The Devil and Mr Mulcahy

Globe Theatre, 104 London St, Dunedin

08/06/2018 - 10/06/2018

Production Details

“This revival celebrates 50 years since James K. Baxter’s plays were produced at the Globe by Patric and Rosalie Carey. 

Set in 1960s rural New Zealand, The Devil and Mr Mulcahy is an explosive play about the danger of isolation and fundamentalism, and the different ways people escape their grim reality. It follows the undoing of a rural New Zealand family and the failure of conservative values, showing what happens when a dog is put in a cage that is far too small for it” – Paul Ellicott, director. 


R 16 – Adult content.Book tickets at


Barney Mulcahy Brook Bray
Brenda Marshall Denise Casey
Simon Marshall Joseph Cooper
Paul Marshall Peter Hocking
Rachel Marshall Ella Yiannett

Stage Manager Paul Ellicott
Set Design Chris Vialle, Paul Ellicott
Set Construction Ray Fleury, Chris Vialle, Paul Ellicott
Lighting Design Brian Byas
Technical Operator Craig Storey
Costume Sofie Welvaert
Graphic Design Craig Scott (Self Destruct Studio)
Still Photography Miguel Nitis
Front of House Manager Leanne Byas
Rehearsal Assistant Lynne Keen

Guitarist Dylan Shield

Theatre ,

1 hour 15 minutes. There will be no interval.

Effective revival of riveting classic

Review by Terry MacTavish 10th Jun 2018

Through the dark garden, under the old magnolia, along the new boardwalk into Dunedin’s Globe Theatre to find it rather surprisingly packed to the rafters, or rather lighting box, with a free seat only in front of said box, in the very back row.  It looks set to be a most successful revival for this short winter-season play. The audience below throbs with anticipation, but will James K Baxter’s 1960s play still satisfy, or will a struggle to the death between human desire and religious fundamentalism appear outdated and melodramatic?  

The fruitful friendship between the celebrated Burns Fellow and the Globe’s visionary director Patric Carey is the stuff of legend. “Without a sympathetic and inspired producer, I would not have written the plays,” stated Baxter. The Globe, at that time producing, incredibly, around 20 plays a year, made room for everything he wrote. The Band Rotunda was the poet’s first, typically controversial play, and shortly after that he produced a newspaper cutting he had been saving, about a murder within a family in a closed religious sect, living in a remote rural area. Carey immediately saw its potential and The Devil and Mr Mulcahy was the sensational result.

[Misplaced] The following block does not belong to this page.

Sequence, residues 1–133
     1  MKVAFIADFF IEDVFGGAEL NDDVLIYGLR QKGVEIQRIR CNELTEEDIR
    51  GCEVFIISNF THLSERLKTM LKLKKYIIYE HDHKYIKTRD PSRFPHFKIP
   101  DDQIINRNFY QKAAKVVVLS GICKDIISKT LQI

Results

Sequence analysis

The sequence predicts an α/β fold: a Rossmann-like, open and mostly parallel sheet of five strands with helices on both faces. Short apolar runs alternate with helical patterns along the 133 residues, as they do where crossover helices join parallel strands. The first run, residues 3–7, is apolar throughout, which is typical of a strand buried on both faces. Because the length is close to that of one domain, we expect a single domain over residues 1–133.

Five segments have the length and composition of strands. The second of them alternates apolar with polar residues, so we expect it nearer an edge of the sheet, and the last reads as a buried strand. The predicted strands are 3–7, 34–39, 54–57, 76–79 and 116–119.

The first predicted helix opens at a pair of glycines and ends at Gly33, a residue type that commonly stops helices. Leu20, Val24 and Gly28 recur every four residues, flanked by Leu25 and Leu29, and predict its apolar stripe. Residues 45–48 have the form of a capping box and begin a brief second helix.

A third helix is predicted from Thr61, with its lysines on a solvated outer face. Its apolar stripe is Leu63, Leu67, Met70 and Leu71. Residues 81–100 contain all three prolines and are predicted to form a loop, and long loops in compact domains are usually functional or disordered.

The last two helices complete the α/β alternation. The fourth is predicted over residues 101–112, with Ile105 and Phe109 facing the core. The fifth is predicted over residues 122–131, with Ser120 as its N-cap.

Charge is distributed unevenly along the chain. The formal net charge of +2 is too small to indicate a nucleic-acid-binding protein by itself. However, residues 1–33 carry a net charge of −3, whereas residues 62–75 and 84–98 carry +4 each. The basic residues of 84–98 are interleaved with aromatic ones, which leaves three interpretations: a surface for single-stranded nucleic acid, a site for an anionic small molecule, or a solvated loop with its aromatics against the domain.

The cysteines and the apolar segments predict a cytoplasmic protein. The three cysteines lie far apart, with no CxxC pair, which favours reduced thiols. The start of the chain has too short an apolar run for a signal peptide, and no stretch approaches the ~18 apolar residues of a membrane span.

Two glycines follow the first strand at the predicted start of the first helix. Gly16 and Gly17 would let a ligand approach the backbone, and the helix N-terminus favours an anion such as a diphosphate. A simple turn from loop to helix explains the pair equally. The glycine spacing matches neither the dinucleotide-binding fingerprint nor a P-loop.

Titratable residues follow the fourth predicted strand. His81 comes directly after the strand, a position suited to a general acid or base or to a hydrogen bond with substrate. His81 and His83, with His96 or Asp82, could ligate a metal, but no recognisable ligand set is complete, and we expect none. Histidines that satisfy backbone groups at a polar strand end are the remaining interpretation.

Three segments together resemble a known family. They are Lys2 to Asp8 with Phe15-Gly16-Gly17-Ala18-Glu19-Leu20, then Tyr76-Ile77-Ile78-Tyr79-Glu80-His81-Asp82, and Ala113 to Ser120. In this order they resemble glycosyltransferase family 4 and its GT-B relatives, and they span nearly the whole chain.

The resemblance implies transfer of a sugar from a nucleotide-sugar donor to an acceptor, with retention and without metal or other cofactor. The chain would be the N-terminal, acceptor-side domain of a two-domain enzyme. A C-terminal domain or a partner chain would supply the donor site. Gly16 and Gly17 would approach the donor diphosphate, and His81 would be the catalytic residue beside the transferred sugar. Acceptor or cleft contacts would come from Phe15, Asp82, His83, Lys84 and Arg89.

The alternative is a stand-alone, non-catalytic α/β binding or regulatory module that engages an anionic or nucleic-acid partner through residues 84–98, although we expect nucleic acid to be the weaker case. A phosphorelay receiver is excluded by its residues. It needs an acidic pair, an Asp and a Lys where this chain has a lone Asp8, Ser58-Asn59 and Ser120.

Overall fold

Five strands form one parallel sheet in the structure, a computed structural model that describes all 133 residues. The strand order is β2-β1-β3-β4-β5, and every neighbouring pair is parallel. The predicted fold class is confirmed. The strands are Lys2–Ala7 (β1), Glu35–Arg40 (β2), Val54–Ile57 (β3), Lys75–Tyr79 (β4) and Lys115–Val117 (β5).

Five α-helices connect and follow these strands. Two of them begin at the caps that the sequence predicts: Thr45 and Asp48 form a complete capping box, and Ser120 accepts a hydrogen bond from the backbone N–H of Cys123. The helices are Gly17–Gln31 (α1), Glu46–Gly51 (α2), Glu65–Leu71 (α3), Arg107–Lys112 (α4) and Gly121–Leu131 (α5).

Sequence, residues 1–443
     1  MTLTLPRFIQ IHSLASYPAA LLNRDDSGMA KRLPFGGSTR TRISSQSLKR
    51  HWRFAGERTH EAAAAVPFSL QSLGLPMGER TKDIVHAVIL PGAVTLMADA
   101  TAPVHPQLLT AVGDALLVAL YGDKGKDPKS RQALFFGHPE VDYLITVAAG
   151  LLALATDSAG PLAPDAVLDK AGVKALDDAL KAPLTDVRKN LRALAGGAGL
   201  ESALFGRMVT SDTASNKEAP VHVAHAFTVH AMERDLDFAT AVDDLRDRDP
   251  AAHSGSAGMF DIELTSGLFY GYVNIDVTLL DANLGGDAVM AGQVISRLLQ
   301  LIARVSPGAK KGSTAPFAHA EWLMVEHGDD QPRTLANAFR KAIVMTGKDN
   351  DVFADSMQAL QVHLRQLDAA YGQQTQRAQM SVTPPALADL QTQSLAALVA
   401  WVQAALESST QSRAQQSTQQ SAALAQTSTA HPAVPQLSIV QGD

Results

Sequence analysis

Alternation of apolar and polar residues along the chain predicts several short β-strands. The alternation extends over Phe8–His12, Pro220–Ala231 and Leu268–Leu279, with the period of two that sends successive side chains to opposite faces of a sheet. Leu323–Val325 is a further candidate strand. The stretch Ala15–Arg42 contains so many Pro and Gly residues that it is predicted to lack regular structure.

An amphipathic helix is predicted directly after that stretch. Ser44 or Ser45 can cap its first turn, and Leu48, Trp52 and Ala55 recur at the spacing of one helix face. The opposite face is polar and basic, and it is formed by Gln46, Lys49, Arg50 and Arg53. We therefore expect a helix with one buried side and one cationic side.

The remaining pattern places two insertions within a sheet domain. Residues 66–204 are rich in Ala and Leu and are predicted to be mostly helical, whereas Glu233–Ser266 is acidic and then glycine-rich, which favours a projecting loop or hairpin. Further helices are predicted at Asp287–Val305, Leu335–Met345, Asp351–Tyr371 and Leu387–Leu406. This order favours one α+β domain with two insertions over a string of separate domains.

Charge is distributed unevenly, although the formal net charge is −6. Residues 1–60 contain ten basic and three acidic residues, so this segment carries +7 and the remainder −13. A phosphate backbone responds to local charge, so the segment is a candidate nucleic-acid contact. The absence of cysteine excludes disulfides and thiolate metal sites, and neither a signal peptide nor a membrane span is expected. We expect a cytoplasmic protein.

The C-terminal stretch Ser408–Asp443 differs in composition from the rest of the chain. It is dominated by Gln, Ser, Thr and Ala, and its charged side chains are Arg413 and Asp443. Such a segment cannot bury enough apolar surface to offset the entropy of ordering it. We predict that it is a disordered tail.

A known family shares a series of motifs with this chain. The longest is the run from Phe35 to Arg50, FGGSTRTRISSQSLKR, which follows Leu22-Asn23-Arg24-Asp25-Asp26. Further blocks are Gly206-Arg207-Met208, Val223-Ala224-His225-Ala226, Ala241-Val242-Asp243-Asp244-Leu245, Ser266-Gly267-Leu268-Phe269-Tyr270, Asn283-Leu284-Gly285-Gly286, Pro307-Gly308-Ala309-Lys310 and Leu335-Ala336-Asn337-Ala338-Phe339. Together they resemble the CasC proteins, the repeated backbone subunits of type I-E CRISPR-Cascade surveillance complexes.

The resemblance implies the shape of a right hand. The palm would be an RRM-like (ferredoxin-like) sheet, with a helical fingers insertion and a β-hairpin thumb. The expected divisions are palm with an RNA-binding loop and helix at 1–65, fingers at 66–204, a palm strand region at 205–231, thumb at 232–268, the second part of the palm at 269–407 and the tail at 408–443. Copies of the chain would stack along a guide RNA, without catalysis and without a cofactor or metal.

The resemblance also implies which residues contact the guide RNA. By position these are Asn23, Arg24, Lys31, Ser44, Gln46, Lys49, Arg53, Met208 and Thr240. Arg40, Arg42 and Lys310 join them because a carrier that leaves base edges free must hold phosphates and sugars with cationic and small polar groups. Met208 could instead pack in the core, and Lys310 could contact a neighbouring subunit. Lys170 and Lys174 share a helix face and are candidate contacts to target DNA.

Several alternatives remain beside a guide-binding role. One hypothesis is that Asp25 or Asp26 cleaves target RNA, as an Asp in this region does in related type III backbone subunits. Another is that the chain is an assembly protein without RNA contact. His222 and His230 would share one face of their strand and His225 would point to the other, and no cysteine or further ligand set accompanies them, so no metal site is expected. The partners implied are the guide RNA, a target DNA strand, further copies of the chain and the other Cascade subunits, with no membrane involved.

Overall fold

Has it lost relevance? Absolutely not as far as this audience is concerned. After all we’ve seen the Gloriavale documentaries, and are well aware of the power that doctrine and a charismatic leader can exercise over their followers. Even Shortland Street has been running a storyline on a cult known as the Followers of the Light. We understand yet more about domestic violence. Only today a son was acquitted of murdering his abusive father, who had just beaten his mother, dislodging her eye. And we’ve all been sixteen, “the age when the devil comes whispering beside your pillow… when the light’s turned out,” as Baxter’s fanatical patriarch puts it, revealing he knows the devil all too well himself. 

Paul Ellicott, who impressed as the legendary All-Black in the Globe’s recent Finding Murdoch, here shows he has what it takes to be a fine director too. He has managed to give this gripping play a modern touch while retaining the passionate intensity and sense of impending doom.  Yes, the plot is melodramatic, but the quiet realism in a series of intimate duologues helps us to engage with the characters and take their plight seriously. We are offered all the dark power of a Greek tragedy, each character with their own secret and violence always simmering just beneath the surface, but there are moments of pure fun and plenty of throw-away lines that have the audience chuckling. As Baxter says, the meat of a play can be in its jokes.

The minimalist set (by Chris Vialle and Ellicott), black curtains enclosing a corrugated iron shack, and simple authentic costumes (by Sofie Welvaert) serve well as a reminder of the poverty of the family’s hard existence. Without pretension the actors bring on the humble props they need – a washing line, for instance, with basket and laundry – and the scene is subtly altered.  The atmosphere is enhanced by birdsong and the odd dog barking in the distance, with sudden flashes of red lighting when violence erupts.

The excellent cast does full justice to the text, not flinching from the lyricism of language influenced by liturgy.  Peter Hocking is impressively autocratic, and utterly unreasonable as Paul Marshall, the father, damaged by losing his inheritance to his elder brother (spot all the biblical allusions!) but now convincing himself he will be one of the precisely 142,000 who will be saved.  The most pitiful thing is that he does not want to lose his family and actually loves the son he is destroying.